Finding Agents

A 5-Part Series

  1. Querying Agents
  2. Finding Agents
  3. Query Letter Example #1
  4. Contacting Agents

The four pieces of advice I’ve read about finding agents:

  1. Find someone who has represented a book similar to yours – MSWishList is amazing in this respect
  2. Be interesting. Be concise.
  3. Accommodate the submission guidelines
  4. Research the agent and personalize

For the first, what’s your genre? Crime? Horror? Romance? My first novel happens to be Young Adult (YA) Fantasy. Labels are always weird, so don’t worry if your book doesn’t quite fit in one spot perfectly. Just remember to focus on the biggest elements of your book. A little bit of Romance but a lot of Horror? Then you’ve got a Horror book, with a chance to eek out some interest on the Romance.

Since Charlotte Gnoll is YA Fantasy, I went to Google and Amazon to find the best sellers in that particular genre. The list I generated was a mish mash of popular and critical darlings. I’ve include the agents associate with the titles/series. How’d I figure that information? More on that after the list.

  1. Mistborn: The Final Empire by Brian Sanderson
    1. Agent: Eddie Schneider
  2. City of Bones by Cassandra Clare
    1. Agent: Barry Goldblatt
  3. Harry Potter by J.K. Rowling
    1. Agent: The Blair Partnership
    2. Original agent: Christopher Little
  4. Percy Jackson & the Olympians by Rick Riordan
    1. Agent: Nancy Galt
  5. Eragon by Christopher Paolini
    1. Agent: Simon Lipskar
  6. Graceling by Kristin Cashore
    1. Agent: Faye Bender
  7. The Hunger Games by Suzanne Collins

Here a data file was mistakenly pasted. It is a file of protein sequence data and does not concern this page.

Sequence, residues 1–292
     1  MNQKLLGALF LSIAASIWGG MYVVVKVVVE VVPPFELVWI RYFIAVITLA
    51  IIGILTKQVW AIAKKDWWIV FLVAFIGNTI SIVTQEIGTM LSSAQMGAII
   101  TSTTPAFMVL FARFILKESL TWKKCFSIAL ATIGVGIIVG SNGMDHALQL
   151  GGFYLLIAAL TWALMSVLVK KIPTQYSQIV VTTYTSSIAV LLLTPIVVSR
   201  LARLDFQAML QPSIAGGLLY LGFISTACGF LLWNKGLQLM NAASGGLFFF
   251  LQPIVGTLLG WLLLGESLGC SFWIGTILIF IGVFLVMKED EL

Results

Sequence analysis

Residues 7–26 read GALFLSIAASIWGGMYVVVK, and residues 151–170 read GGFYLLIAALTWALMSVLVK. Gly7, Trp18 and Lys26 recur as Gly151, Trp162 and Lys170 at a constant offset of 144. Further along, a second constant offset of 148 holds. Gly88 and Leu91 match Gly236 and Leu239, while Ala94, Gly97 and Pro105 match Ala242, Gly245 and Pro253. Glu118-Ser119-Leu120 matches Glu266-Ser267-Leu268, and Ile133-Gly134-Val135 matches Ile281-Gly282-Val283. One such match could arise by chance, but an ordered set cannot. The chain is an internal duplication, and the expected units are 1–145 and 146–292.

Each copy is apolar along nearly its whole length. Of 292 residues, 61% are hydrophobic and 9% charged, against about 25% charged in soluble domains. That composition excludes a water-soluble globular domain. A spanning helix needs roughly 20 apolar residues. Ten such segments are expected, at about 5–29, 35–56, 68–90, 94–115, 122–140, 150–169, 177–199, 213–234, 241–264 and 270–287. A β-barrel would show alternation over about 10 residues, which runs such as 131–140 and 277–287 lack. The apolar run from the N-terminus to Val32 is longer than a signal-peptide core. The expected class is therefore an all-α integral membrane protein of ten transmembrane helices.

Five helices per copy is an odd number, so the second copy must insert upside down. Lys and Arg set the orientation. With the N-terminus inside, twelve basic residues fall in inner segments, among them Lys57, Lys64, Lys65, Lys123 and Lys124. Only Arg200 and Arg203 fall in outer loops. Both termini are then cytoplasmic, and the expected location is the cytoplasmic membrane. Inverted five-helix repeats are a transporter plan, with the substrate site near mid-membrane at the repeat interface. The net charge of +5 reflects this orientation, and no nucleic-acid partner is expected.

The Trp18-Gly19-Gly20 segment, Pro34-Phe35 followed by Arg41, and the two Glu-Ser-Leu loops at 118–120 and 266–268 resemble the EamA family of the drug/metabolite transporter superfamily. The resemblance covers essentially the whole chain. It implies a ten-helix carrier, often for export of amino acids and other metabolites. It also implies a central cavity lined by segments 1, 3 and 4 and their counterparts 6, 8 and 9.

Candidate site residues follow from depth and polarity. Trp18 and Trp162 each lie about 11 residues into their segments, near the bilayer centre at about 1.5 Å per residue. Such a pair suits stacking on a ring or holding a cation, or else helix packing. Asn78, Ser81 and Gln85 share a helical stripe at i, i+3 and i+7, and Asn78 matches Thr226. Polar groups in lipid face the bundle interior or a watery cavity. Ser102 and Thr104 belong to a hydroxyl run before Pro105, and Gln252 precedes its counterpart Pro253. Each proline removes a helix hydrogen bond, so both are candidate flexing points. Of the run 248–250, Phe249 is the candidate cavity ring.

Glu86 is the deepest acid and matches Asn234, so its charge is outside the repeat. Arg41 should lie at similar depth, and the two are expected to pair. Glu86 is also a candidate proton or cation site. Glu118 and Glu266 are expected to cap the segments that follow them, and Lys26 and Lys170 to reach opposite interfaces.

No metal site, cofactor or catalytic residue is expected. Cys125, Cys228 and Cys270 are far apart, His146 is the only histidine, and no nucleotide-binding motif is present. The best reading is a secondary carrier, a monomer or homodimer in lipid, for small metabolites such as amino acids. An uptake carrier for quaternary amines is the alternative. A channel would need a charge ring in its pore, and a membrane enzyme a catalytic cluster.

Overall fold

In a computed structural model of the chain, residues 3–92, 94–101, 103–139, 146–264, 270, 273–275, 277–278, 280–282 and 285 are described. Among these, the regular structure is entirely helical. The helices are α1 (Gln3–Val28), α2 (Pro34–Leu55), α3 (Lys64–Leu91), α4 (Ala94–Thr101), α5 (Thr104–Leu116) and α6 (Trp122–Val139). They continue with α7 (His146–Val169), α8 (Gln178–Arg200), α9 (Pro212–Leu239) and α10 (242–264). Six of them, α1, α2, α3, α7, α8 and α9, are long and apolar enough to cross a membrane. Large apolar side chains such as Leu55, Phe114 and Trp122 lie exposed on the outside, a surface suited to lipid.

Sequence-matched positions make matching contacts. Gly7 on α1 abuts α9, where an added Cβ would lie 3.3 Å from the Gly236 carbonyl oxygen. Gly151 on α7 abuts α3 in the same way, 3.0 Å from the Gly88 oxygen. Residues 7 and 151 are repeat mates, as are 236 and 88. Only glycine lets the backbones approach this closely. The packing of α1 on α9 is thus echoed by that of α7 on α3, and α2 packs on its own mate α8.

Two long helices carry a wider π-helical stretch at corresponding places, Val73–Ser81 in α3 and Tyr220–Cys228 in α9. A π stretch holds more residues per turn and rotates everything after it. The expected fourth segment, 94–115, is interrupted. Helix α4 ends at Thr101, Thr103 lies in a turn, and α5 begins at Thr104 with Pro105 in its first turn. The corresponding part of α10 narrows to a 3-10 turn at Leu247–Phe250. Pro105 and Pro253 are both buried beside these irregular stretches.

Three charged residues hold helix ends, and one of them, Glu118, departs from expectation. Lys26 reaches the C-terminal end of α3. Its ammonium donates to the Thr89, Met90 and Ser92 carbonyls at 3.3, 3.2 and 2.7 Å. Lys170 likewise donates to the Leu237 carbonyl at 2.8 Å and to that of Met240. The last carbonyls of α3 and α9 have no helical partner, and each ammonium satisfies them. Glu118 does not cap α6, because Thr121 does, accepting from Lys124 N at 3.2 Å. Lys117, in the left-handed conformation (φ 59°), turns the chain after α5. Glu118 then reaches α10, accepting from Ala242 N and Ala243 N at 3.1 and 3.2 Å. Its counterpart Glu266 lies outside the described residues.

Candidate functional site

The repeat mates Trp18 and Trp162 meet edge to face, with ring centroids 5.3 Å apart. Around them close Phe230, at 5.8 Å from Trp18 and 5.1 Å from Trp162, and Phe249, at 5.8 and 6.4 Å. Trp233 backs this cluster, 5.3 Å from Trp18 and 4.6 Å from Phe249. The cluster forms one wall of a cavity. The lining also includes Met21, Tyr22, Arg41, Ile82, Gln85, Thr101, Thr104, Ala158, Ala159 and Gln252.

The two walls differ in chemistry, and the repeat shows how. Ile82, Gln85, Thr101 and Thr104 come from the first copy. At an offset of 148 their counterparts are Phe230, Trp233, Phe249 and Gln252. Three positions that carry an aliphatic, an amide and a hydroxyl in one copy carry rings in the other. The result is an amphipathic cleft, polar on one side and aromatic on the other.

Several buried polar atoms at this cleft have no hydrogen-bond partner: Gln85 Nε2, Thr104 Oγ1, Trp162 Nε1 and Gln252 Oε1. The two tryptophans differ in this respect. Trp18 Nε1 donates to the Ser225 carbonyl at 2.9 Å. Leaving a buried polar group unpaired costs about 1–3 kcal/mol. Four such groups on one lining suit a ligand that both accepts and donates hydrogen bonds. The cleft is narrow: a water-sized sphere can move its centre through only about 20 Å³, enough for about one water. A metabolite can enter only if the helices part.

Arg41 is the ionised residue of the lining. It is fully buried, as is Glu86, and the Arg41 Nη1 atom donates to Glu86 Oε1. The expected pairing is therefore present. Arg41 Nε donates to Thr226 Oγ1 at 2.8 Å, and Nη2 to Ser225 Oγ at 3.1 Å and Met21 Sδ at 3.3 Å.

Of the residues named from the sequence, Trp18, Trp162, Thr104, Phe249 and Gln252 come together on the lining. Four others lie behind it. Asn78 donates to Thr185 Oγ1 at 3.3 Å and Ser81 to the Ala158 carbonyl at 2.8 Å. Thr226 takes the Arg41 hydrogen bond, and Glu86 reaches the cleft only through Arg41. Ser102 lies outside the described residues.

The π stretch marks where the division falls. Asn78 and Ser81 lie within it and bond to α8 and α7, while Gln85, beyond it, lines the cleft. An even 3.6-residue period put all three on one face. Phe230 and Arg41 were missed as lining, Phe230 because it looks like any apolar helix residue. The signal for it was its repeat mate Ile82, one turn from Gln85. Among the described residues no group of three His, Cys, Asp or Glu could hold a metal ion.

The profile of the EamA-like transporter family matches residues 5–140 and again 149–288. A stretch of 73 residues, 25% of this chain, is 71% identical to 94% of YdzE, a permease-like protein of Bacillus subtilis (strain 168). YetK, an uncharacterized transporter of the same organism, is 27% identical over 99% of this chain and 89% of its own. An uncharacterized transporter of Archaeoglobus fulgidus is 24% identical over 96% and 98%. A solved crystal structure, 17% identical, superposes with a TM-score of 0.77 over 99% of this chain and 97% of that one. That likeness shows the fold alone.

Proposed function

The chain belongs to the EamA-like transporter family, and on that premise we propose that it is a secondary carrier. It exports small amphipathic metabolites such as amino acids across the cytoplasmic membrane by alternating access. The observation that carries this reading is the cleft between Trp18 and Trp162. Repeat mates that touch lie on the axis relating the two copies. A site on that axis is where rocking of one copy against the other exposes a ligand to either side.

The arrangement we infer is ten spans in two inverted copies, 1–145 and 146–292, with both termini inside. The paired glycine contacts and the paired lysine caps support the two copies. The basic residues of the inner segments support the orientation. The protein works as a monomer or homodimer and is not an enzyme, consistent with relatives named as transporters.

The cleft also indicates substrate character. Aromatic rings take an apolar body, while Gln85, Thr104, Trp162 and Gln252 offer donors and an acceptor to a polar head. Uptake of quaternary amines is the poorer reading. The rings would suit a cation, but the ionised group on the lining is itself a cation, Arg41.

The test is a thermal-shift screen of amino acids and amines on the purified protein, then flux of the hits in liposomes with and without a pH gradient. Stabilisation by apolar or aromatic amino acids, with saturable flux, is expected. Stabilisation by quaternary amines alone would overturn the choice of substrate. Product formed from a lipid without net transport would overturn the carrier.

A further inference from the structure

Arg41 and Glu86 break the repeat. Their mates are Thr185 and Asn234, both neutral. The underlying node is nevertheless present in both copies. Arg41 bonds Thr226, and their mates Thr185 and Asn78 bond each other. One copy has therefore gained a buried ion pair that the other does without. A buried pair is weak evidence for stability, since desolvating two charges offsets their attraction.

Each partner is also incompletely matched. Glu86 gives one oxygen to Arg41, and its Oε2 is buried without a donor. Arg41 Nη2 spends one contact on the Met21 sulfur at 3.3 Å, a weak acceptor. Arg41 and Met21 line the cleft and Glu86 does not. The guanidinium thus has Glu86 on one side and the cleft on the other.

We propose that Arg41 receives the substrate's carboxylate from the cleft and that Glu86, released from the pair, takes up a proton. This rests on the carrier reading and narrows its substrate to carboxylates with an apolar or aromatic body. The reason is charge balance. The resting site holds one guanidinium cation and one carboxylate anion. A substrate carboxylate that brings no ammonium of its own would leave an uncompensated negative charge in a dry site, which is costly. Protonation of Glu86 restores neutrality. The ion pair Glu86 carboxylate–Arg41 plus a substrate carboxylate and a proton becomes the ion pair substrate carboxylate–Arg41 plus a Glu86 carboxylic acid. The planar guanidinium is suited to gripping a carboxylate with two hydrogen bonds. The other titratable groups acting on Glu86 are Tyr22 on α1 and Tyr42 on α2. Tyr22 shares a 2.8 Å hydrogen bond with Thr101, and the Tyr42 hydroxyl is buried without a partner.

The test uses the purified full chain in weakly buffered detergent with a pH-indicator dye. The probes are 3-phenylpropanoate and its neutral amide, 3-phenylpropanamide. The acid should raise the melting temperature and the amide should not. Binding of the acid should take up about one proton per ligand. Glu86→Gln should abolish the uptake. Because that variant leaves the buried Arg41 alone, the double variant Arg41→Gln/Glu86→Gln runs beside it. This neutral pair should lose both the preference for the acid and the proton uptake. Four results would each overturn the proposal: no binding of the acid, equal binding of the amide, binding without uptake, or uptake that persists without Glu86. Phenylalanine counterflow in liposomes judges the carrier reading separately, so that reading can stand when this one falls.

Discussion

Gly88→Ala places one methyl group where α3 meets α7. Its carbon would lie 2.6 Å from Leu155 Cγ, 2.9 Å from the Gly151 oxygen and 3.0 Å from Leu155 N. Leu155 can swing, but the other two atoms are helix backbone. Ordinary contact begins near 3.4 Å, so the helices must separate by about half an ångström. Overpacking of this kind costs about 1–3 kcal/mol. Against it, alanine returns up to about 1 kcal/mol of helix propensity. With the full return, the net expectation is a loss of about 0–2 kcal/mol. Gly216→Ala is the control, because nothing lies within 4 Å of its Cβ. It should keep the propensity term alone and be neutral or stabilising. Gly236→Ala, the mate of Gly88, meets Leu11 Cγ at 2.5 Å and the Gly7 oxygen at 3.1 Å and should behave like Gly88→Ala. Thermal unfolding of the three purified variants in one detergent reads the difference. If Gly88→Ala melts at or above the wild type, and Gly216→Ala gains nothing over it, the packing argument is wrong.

1. Agent: Rosemary Stimola
  8. Divergent by Veronica Roth
    1. Agent: Joanna Volpe
  9. Legend by Marie Lu
    1. Agent: Kristen Nelson who also runs Pub Rants and represented Wool
  10. Icons by Margaret Stohl
    1. Agent: Sarah Burnes
  11. The Maze Runner by James Dashner
    1. Agent: Michael Bourret
  12. Sabriel by Garth Nix
    1. Agent: Jill Grinberg
  13. Amanda Hocking
    1. Agent: Steven Axelrod
  14. Keeper of the Lost Cities by Shannon Messenger
    1. Agent: Laura Rennert
  15. The Shadow Falls Series by CC Hunter
    1. Agent: Kim Lionetti
  16. The Lion, the Witch, and the Wardrobe by C.S. Lewis
    1. Agent: Geoffrey Bles (exclusive to Lewis and very dead)
  17. Alice’s Adventures in Wonderland by Lewis Carroll
    1. Agent: none
  18. The Book Thief by Markus Zusack
    1. Agent: Catherine Drayton who also represented Hush, Hush
  19. Anne of Green Gables by Lucy Maud Montgomery
    1. Agent: Sally Keefe-Cohen, who represents the literary aspects of Montgomery’s estate.

First question, why The Book Thief and Anne of Green Gables? I know they’re hardly fantasy books. What they are, however, are books centered around young girls whose strength, vulnerability, and general chutzpah, which is exactly how I’ve painted Charlotte. Don’t be afraid to think outside the box with comparative books and agents you’d like to work with.

Second question, how’d I find all those agents?

  • Google is your friend. Best search string is “[book title] and [author name] and agent”. If you don’t get anywhere with that, throw in the word “represent” and/or representation.
  • The author database at QueryTracker allows you to search for agents by authors they’ve represented. QueryTracker is also great for getting to know a little bit more about your agents.

Third question, why go through the hassle of finding books like yours and then the agents of those books? In the best case scenario, your agent is your biggest fan – the person who likes what you do and thinks you can make some money doing more of it (and therefore make some money, too). So it makes to find an agent who already likes similar books and has had success publishing those books in the past.

Now get to work. And once you’re done, write your query letter and then contact an agent!

 

 

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